WebMD Medical News
Laura J. Martin, MD
May 26, 2011 -- An experimental drug called tofacitinib may help treat rheumatoid arthritis -- and it's taken as a pill, rather than as an injection or infusion.
In London, researchers reported results from a study in which rheumatoid arthritis (RA) patients took tofacitnib or a placebo. Tofacitinib improved symptoms better than the placebo and worked quickly in patients who had not responded to other medicines.
In the drug's study, side effects included infections, but most were mild, Kremer says. Four patients died during or after the trial, but the drug is not thought to be involved in most of those cases, and the researchers found the drug's safety profile to be "acceptable."
The results were presented at EULAR 2011, the Congress of the European League Against Rheumatism.
The new oral RA drug is in a class of drugs called JAK inhibitors. "It targets the disease in a unique manner," says researcher Joel Kremer, MD, the Pfaff Family Professor of Medicine and director of research at the Center for Rheumatology at Albany College in New York.
"It blocks molecules within the cell involved in signaling to promote inflammation," Kremer tells WebMD. "It works quickly and it's consistently effective."
Besides tofacitinib, which is being developed by Pfizer, several other JAK inhibitor drugs are in development by competitors.
According to the Arthritis Foundation, about 1.3 million Americans have RA. It is an inflammatory arthritis in which the immune system attacks the body's own tissues, especially the membranes lining the joints. Stiffness, pain, and disability can result.
Kremer's team studied 792 patients with RA for 12 months. None of the patients had responded to other RA drugs.
The researchers added on either the new drug or a placebo to the RA medications, such as methotrexate, that the patients were already taking.
At six months, 58% of the patients who took the higher of two doses of tofacitinib had a 20% improvement in tender or swollen joint counts. The patients also met three of five other criteria used to gauge improvement, such as an improved pain scale. Those taking the lower dose also showed improvement.
At the 12-month mark, nearly 37% of those in the higher-dose drug group had a 50% improvement. And 16% of those on the higher dose had a 70% improvement. In contrast, only 3% of those on placebo got the 70% improvement.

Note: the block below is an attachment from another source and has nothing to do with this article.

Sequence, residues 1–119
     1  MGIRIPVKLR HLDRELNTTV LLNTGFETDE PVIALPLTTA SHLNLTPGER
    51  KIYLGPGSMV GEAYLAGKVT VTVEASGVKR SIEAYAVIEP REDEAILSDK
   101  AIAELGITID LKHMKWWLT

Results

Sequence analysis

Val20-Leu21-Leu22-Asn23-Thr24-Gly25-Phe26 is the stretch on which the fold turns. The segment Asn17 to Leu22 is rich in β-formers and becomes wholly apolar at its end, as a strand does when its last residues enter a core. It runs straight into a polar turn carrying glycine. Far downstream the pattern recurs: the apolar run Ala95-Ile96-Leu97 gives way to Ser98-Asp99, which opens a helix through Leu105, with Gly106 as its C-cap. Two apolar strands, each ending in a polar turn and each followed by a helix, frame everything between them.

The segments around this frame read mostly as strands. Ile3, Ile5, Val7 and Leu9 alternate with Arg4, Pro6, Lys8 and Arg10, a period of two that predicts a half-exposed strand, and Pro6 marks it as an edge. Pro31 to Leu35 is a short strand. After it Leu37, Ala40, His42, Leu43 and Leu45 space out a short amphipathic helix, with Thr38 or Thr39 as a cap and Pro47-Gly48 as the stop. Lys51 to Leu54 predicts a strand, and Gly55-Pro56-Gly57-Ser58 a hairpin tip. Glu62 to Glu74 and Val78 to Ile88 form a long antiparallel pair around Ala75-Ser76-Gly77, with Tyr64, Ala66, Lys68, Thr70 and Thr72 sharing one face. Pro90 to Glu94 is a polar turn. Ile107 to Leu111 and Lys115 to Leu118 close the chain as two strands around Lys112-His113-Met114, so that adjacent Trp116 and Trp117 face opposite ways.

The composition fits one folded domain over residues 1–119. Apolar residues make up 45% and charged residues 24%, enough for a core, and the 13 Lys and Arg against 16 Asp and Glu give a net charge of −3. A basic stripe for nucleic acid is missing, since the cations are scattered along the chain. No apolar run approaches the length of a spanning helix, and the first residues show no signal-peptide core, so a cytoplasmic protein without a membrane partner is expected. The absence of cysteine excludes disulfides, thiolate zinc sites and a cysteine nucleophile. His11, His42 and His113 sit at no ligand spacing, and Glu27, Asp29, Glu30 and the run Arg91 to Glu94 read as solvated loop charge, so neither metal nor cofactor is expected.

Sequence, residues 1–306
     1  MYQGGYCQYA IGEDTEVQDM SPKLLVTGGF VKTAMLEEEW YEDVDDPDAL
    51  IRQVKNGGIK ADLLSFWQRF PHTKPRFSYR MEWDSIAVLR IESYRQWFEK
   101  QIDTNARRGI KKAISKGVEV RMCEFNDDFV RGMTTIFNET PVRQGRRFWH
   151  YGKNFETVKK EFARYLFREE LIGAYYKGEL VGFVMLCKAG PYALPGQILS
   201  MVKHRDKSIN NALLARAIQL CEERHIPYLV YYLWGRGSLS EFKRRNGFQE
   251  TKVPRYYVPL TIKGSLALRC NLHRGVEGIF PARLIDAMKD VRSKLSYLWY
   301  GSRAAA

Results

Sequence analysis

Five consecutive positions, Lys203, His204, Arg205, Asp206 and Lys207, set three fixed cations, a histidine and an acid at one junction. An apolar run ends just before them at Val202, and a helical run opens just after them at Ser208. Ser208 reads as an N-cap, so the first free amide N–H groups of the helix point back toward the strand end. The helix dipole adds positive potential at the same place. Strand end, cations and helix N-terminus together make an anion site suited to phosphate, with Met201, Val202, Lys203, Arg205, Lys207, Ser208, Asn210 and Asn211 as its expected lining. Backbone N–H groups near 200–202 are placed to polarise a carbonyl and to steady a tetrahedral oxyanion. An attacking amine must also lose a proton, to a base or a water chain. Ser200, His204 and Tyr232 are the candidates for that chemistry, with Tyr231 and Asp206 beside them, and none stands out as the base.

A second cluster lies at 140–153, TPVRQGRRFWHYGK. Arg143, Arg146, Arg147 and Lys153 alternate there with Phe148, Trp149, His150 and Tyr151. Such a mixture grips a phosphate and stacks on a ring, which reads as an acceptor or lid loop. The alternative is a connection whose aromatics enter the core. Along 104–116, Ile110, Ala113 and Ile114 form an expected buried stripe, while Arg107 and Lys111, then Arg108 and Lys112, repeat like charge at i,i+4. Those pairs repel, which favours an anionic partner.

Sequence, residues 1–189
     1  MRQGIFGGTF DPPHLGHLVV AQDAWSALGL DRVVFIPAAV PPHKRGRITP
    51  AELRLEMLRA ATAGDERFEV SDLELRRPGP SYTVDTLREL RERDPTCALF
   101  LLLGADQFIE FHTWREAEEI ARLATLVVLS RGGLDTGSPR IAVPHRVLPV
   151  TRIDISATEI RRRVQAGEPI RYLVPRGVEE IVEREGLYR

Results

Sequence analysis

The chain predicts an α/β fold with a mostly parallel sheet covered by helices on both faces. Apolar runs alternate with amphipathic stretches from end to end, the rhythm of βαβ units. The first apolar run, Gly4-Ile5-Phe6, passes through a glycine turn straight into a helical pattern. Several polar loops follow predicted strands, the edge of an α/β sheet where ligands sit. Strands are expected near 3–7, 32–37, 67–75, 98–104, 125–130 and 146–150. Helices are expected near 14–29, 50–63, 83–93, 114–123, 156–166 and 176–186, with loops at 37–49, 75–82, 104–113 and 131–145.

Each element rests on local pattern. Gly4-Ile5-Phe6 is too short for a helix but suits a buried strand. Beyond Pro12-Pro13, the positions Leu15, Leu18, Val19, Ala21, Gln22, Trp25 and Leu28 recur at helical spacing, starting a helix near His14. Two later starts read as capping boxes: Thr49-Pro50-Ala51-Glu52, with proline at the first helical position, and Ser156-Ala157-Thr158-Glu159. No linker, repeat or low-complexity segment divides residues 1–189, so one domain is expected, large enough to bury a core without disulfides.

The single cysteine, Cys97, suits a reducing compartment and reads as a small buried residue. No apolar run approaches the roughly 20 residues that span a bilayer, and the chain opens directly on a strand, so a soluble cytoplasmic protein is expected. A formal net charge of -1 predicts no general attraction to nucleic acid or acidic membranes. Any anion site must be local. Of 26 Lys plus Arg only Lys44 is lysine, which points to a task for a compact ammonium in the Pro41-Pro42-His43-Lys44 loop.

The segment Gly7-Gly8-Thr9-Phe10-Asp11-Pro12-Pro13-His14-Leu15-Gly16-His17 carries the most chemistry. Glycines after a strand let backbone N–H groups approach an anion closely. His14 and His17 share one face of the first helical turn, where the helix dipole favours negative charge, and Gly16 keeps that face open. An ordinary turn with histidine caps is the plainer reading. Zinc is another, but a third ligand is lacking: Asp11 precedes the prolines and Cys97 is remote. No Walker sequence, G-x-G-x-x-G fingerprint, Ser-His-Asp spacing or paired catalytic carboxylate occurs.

The drug's effects were seen after two weeks of therapy, according to the researchers.
In the drug's study, side effects included infections, but most were mild, Kremer says. As for the four deaths, Kremer says, "After reviewing all the source documents on this case, it appears to me that one of the four deaths could have been related to the drug." In a separate analysis, the researchers looked at 610 patients and found both doses had "clinically significant efficacy and acceptable safety."
Victoria Davis, a Pfizer spokeswoman, says the company plans to file for FDA approval for the drug by the end of 2011.
The drug data look good, says Yusuf Yazici, MD, assistant professor of medicine and a rheumatologist at New York University's Langone Medical Center. He reviewed the study findings for WebMD but was not involved in the study. "It looks like it works."
''The results are similar to what we saw with other [RA drugs],'' says Yazici.
Whether the new oral RA drug, if approved, will become more popular than other RA drugs is not known, Yazici says. It may simply become one more option for RA patients, giving more of a choice, he says.
Kremer reports research and grant support from Pfizer and serving as a company consultant. Yazici reports serving as a consultant for Pfizer, Merck, and other companies.
SOURCES:Joel Kremer, MD, Pfaff Family Professor of Medicine, Albany College, N.Y.Yusuf Yazici, MD, assistant professor of medicine and rheumatologist, Langone Medical Center, New York University.EULAR 2011, The European League Against Rheumatism Congress, London, May 25-28, 2011.
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